Although one way to do it is with programmatically updating an ACL, you might consider
This latter technique is written up here, and can be somewhat complex:
It might be possible to do this with something much simpler such as RIP2 with next-hop filled in.
For the use you've indicated, it doesn't sound like you need it to be terribly fast, so I'd start with make-text-file-and-remotely-load it. The technique is extremely general and rather easy to do.
Run a script to create your ACL commands, probably periodically with cron or similar; then it issues
ssh edgerouter1 copy http://localserver/dynamicacl runing-config
Note that this "copy" is really a merge, in that it keeps the existing configuration except where the new config explicitely negates something with
no access-list 22 or similar.
You need certificate-based login on the router for this to be practical.
[EDIT] While trying it I found a small surprise so added details. I tested with Cisco 2800 router with 15.1.4 as I have no ASA available, server was Ubuntu 16.
To repeat, this is a pretty general way of doing any programmatic configuration of Cisco devices. In general it's much better to have a fully non-interactive approach, rather than an expect-based approach. If the interactive system does something unusual your expect script can go wrong in very difficult-to-debug ways. If this programmed-copy goes wrong you issue the identical command by hand and debug from there.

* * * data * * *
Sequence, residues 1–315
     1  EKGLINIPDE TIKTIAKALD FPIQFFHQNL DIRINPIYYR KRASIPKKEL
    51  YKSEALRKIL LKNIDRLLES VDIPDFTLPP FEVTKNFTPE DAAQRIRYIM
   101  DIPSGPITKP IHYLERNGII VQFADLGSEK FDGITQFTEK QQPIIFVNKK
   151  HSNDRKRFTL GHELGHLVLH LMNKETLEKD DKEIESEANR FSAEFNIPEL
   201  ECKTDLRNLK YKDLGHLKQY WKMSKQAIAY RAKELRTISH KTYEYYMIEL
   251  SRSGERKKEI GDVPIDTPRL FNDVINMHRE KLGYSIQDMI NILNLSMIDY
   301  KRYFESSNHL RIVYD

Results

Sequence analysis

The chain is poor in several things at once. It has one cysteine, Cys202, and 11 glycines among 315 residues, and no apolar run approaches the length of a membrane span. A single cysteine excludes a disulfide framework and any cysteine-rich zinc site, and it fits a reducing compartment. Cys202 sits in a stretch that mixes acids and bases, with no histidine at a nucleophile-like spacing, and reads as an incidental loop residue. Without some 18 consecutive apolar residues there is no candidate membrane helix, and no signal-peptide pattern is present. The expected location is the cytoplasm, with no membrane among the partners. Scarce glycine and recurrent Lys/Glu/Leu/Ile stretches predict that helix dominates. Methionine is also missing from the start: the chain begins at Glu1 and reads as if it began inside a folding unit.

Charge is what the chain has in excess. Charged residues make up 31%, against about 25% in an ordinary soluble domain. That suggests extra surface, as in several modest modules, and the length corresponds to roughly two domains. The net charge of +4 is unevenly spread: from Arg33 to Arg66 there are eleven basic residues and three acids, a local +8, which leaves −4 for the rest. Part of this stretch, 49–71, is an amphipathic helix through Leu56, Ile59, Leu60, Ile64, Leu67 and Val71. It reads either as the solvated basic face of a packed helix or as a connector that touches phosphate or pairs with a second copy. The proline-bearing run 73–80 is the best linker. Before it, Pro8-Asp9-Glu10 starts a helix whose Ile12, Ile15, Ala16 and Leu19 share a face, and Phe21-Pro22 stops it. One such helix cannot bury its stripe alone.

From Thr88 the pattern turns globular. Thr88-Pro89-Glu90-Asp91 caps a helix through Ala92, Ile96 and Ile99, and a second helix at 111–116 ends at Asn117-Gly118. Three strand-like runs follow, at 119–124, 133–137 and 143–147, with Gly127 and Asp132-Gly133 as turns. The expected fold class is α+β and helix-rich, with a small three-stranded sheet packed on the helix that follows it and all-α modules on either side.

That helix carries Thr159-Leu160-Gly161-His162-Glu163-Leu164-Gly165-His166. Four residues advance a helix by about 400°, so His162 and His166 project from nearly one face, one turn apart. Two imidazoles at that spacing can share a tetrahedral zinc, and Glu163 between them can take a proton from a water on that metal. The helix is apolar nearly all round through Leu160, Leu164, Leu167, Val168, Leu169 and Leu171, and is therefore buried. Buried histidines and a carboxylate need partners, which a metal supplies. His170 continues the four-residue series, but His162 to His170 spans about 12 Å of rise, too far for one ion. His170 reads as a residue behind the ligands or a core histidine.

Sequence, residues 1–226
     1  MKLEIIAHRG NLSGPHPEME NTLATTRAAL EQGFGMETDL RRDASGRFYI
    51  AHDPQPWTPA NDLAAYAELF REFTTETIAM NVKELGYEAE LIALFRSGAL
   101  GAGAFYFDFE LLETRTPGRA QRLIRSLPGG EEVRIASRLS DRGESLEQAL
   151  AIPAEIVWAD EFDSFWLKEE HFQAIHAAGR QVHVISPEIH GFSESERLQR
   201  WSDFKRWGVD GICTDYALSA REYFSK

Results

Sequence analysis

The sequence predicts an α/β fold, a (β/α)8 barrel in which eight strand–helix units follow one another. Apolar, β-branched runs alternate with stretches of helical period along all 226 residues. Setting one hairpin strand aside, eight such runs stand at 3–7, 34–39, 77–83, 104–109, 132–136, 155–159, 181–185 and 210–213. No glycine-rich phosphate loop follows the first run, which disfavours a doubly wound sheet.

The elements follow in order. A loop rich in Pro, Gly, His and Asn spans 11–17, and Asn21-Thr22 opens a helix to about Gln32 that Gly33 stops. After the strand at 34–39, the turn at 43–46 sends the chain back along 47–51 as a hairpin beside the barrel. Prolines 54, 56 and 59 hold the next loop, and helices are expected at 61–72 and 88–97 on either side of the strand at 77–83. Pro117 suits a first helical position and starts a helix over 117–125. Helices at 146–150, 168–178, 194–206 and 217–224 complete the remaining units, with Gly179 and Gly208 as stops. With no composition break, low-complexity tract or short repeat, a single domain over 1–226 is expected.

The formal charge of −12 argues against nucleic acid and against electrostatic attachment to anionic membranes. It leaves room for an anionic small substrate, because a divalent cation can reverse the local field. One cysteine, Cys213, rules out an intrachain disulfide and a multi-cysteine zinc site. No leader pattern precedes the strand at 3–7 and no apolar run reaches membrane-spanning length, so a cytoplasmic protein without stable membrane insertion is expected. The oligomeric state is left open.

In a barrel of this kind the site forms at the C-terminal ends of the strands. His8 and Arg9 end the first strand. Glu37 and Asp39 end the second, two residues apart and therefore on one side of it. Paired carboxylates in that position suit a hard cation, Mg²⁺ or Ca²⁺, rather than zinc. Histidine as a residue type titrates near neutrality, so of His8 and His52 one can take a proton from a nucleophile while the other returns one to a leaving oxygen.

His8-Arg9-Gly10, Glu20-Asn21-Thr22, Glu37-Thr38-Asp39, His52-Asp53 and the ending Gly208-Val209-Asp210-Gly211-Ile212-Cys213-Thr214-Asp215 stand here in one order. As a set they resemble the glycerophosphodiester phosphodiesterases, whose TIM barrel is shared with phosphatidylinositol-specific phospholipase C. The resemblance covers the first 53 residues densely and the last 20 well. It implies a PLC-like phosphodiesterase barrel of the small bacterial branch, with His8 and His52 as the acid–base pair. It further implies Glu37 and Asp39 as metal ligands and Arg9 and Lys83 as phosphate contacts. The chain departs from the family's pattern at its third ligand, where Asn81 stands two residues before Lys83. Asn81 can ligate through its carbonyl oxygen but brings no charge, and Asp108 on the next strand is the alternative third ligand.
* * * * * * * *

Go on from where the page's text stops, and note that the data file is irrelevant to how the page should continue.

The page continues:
Example network For example clarity, suppose your ASA/router inside address is 192.168.0.1 and you have an internal web server available at 192.168.0.32.
Generate config It's supposed you have a program
badaddresses which produces a list of addresses you want to block. Make a formatter
mkciscoacl in awk/python/whatever to produce your appropriate access list, which might look like this:
ip access-list extended autobad
1 deny ip host 10.10.0.5 any
2 deny ip host 10.10.0.9 any
1000000 permit ip any any
Put on internal web Let's imagine you have a cron job which makes that file on the web server, available as http://192.168.0.32/cisco/automatic.conf
No-prompt Normally, when you do
copy http://somewhere running-config you get a prompt confirming the target as
running-config. This must be disabled in your configuration.
file prompt quiet
Certificate login You must have a certificate-based login available on your router, as you want the configuration to be entirely automatic. (Doc)
username autoloader priv 15 secret 12345 ! use a better one!
ip ssh pubkey-chain
Do whole thing Make a script
dowholething.sh which does the whole thing
badaddresses | mkciscoacl > /var/www/html/cisco/automatic.conf
ssh email@example.com \
copy http://192.168.0.32/cisco/automatic.conf running-config
Automatic invocation On the web server, have a cron job like this:
* * * * * /path/to/dowholething.sh
Obviously you could do any configuration you like with this method. You might also consider source-based routing into a blackhole rather than straight blocking.